‘Lost Boys of Sudan’ share art, stories

Kathryn Nelson

Atem Aleu stood quietly to the side as a crowd milled around the art gallery, taking in the paintings that had traveled thousands of miles from Kenya to Minneapolis.

Aleu’s quiet demeanor shows experience far beyond his 26-year-old body. He saw the majority of his family perish in Sudan’s ongoing civil war and is revered as a leader in the country he left behind.

Aleu attended the Children’s Theatre Company production of “The Lost Boys of Sudan” on Saturday evening. The performance is based on a true story of three Dinka boys who walked more than 1,000 miles to a relocation camp in Kenya. There, they were presented with the opportunity to move to Fargo, N.D. and begin a new life that is vastly different than anything they ever knew.

For Aleu, this story is all too familiar. After growing up in that same camp, he said he moved to Utah and now dedicates his life to telling the story of his Dinka people.

In combination with the play, Aleu presented dozens of paintings created by refugees in the Kakuma camp. Stephen Feinstein, director of the University Center for Holocaust and Genocide Studies co-curated the exhibit.

Photographer Daniel Yang first traveled to Kakuma when he was 15. Since then, he has returned to Kenya several times and said the Lost Boys acted as his mentors as he grew older.

“I have never felt so at home,” he said.

Life as a “Lost Boy”

Aleu’s journey of survival began at the age of eight years when conflict forced him to leave his native country of Sudan. Traveling by foot, he and two of his seven brothers went to Ethiopia seeking safety from the civil war.

As for the rest of his family, his father was dead and his mother was forced to drown in a river with her young son after she refused to give him up to the rebels.

Aleu lived in Ethiopia for three years until violence broke out there, and he fled to the Kakuma refugee camp in Kenya. He reached the compound in 1991 when he was 12 years old. Only one of his brothers survived the journey.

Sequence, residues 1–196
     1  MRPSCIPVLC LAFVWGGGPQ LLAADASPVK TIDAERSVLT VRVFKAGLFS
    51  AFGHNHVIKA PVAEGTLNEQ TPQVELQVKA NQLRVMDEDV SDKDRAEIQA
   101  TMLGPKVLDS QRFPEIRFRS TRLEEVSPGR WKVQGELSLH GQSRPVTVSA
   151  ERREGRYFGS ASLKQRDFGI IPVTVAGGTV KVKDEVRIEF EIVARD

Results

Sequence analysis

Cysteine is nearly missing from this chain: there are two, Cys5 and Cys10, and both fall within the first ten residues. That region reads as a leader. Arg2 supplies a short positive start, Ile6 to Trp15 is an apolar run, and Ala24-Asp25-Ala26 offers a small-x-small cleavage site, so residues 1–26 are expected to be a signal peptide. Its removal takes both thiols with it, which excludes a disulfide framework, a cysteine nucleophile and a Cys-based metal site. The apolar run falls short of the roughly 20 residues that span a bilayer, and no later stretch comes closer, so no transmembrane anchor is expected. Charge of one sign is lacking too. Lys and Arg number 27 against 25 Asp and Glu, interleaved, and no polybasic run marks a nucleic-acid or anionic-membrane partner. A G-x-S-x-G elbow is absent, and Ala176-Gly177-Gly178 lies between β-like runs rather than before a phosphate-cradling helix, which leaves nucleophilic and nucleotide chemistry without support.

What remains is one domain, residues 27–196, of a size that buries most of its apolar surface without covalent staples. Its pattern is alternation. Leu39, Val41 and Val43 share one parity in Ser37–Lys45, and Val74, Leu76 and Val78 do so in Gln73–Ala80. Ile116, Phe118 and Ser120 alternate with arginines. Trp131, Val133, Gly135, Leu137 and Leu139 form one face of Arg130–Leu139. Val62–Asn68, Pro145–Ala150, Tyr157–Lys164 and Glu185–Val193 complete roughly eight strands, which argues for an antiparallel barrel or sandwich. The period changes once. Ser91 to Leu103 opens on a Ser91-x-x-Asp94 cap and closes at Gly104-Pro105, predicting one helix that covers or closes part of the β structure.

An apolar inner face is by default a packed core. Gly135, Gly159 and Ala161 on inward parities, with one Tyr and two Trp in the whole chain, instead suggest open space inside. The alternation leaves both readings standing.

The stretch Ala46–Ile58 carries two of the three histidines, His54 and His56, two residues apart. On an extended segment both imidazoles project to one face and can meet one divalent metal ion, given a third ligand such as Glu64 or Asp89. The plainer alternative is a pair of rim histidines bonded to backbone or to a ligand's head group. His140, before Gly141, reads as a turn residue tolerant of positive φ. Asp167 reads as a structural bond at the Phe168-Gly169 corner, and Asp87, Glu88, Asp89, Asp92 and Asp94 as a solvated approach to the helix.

Living in Kakuma was better than living in Sudan, he said. Still, many people died in the camp due to lack of food and proper medical treatment.

Refugees in the camp received a small amount of corn, beans and oil that was meant to last the next 14 days, Aleu said. The food usually lasted seven to nine days. Refugees called the time without food “black days.” During this period people drank water and slept to conserve energy.

There are more than 90,000 refugees still living in the Kakuma camp, according to the United Nations. The camp has no electricity and only a few water pumps. Aleu said when he lived in the camp, refugees had to wait in line for 12 hours to collect fresh water.

Despite the conditions in the camp, Aleu said he attended a makeshift school and taught himself to paint as a way of expressing his past struggles.

He said he first heard about America after seeing “Made in U.S.A.” on a bag of food from the United Nations. After learning about the country, it became his dream to go there, he said.

As his art began to gain attention by the aid workers in the camp, Aleu received asylum in the United States, with the hope that he would share his story through art.

In 2001, Aleu settled in Utah and is finishing his art degree at Brigham Young University. He plans to start his master’s degree next year.

There are thousands of other people just like him in the United States. They are called “The Lost Boys of Sudan.”

“So they cannot forget our story”

At one time, Aleu said, others laughed at his idea to use art as a way to tell his story, but now he travels the country speaking about the “Lost Boys of Sudan.”

Aleu founded the African Refugees Artists Club to educate and fund refugee artists living in Kakuma.

“What you can do is give them knowledge,” he said, “that (no one) can take away.”

The Katherine E. Nash Gallery plans to feature some of their work this summer, Feinstein said.

Aside from creating art, Aleu was the first “lost boy” to have a car in Utah and now drives the other boys around. They even call the car “Mother of the Lost Boys,” he said, because it cares for them all.

Aleu is also known as a strong advocate for the Sudanese Comprehensive Peace Agreement, which passed in the United Nations in 2005, he said.

Despite the violence Aleu saw, he said he refuses to forget those left behind in Kakuma camp.

“I’ve been in that situation,” he said. “And I don’t want them to be in that situation anymore.”